At the end of each interim reporting period, the Company estimates the effective tax rate expected to apply to the full fiscal year. The estimated effective tax rate contemplates the expected jurisdiction where income is earned, as well as tax planning strategies. Current and projected growth in income in higher tax jurisdictions may result in an increasing effective tax rate over time. If the actual results differ from estimates, the Company may adjust the effective tax rate in the interim period if such determination is made.
 
Pensions and Postretirement Benefits Annual net periodic expense and benefit liabilities under the Company’s defined benefit plans are determined on an actuarial basis. Assumptions used in the actuarial calculations have a significant impact on plan obligations and expense. Annually, management and the Investment Committee of the Board of Directors review the actual experience compared with the more significant assumptions used and make adjustments to the assumptions, if warranted. The discount rate is determined by analyzing the average return of high-quality (i.e., AA-rated) fixed-income investments and the year-over-year comparison of certain widely used benchmark indices as of the measurement date. The expected long-term rate of return on plan assets is determined using the plans’ current asset allocation and their expected rates of return based on a geometric averaging over 20 years. The rate of compensation increase assumptions reflects the Company’s long-term actual experience and future and near-term outlook. Pension benefits are funded through deposits with trustees. Postretirement benefits are not funded and the Company’s policy is to pay these benefits as they become due.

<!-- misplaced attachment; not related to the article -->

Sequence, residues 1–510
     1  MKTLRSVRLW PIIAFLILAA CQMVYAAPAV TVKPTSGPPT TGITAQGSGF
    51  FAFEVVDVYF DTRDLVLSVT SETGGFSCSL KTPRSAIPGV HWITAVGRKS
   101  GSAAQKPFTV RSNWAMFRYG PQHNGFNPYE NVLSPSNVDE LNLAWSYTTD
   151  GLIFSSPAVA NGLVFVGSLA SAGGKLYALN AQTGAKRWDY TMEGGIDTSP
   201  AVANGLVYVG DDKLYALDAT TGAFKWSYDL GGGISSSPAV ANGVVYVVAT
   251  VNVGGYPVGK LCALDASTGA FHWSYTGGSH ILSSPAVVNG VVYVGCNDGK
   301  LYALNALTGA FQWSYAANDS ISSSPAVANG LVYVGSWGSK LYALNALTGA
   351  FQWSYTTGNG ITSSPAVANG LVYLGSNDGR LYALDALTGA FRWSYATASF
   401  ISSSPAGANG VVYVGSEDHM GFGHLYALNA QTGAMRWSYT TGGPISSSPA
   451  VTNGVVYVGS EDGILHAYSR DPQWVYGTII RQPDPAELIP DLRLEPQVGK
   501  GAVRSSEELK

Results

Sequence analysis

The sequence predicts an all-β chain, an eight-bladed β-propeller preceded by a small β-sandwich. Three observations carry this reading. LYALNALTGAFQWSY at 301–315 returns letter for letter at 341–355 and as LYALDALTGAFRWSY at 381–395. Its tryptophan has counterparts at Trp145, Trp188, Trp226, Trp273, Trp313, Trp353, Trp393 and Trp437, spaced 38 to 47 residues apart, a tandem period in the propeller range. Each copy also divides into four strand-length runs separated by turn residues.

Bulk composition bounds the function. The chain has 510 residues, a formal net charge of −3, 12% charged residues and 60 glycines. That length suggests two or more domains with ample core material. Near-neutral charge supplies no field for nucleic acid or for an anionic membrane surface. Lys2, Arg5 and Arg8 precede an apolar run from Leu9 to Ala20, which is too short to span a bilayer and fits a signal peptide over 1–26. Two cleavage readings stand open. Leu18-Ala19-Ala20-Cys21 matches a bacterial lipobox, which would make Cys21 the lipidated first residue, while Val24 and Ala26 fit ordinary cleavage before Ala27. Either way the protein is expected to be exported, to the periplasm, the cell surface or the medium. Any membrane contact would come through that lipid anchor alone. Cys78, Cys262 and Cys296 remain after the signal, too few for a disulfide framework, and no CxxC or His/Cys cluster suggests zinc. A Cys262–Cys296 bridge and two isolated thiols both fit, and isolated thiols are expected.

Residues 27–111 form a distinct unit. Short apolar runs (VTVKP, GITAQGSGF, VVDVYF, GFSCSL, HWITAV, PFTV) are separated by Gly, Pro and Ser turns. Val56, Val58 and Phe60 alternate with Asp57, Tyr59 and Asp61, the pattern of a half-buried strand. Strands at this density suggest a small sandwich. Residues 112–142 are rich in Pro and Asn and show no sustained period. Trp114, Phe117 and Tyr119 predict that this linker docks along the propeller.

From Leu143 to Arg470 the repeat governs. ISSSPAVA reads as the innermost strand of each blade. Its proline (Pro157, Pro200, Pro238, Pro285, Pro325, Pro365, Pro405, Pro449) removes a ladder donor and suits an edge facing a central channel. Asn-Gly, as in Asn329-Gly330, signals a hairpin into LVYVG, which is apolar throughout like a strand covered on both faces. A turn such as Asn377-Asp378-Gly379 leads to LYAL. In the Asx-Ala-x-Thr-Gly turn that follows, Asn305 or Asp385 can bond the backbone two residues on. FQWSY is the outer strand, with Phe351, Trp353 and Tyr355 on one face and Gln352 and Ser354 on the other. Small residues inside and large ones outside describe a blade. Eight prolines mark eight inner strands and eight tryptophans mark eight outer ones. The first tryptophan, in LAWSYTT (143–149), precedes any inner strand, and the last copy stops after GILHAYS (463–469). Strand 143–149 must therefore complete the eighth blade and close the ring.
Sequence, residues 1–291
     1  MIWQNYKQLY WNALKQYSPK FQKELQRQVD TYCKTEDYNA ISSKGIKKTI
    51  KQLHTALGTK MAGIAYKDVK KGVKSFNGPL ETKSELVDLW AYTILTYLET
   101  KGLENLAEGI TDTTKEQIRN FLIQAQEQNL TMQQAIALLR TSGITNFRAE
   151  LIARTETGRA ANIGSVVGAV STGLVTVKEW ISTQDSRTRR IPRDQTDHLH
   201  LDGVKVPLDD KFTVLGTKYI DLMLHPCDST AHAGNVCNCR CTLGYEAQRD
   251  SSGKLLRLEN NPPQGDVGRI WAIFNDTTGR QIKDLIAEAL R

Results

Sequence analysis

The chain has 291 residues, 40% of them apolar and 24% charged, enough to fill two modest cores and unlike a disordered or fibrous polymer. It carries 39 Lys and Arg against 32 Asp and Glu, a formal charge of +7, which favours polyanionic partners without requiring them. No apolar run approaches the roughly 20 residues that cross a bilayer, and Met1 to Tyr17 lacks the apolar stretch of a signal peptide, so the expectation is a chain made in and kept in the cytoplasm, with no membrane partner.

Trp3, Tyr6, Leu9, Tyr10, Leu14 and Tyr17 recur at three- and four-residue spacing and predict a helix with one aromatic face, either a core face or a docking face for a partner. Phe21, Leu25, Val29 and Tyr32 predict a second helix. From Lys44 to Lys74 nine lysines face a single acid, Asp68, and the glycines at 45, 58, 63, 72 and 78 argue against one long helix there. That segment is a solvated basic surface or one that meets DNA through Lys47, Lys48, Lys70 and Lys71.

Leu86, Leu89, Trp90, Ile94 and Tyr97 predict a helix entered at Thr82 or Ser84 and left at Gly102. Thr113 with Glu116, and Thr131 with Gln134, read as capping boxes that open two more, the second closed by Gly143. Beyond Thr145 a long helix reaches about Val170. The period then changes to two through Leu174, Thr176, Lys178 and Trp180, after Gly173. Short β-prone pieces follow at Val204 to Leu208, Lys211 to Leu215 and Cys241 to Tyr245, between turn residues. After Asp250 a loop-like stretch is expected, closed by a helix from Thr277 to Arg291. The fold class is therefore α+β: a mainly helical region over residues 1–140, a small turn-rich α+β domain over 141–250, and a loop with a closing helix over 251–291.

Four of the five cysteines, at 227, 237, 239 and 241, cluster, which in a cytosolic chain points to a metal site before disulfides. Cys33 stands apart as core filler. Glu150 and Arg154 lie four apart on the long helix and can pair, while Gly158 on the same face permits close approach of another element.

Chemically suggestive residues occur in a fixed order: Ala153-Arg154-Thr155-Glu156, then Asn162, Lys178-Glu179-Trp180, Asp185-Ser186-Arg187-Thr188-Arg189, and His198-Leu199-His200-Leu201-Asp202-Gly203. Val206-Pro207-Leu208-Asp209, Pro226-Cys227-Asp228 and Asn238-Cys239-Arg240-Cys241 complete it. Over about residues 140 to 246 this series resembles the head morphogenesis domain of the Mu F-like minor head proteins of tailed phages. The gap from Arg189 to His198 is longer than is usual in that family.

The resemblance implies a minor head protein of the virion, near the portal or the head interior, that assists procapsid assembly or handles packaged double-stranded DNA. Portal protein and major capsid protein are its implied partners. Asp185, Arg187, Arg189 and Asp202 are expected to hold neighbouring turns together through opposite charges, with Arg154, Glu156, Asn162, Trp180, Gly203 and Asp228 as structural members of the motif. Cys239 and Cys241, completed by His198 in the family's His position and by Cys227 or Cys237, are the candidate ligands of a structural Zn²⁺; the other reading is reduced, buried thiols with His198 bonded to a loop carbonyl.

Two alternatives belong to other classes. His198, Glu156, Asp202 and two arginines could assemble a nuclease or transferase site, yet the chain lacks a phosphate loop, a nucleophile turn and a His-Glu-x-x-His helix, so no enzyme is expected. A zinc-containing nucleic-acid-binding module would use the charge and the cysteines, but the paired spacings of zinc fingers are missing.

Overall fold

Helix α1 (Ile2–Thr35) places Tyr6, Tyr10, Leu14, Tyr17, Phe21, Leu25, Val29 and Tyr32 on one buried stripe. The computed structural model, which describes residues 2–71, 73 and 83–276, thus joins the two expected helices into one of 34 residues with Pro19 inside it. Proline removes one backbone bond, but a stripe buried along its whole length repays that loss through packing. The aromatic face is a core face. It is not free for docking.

The following table represents assumed health care cost trend rates at December 31:
 
                 
    2010   2009
Healthcare cost trend rate assumed for next year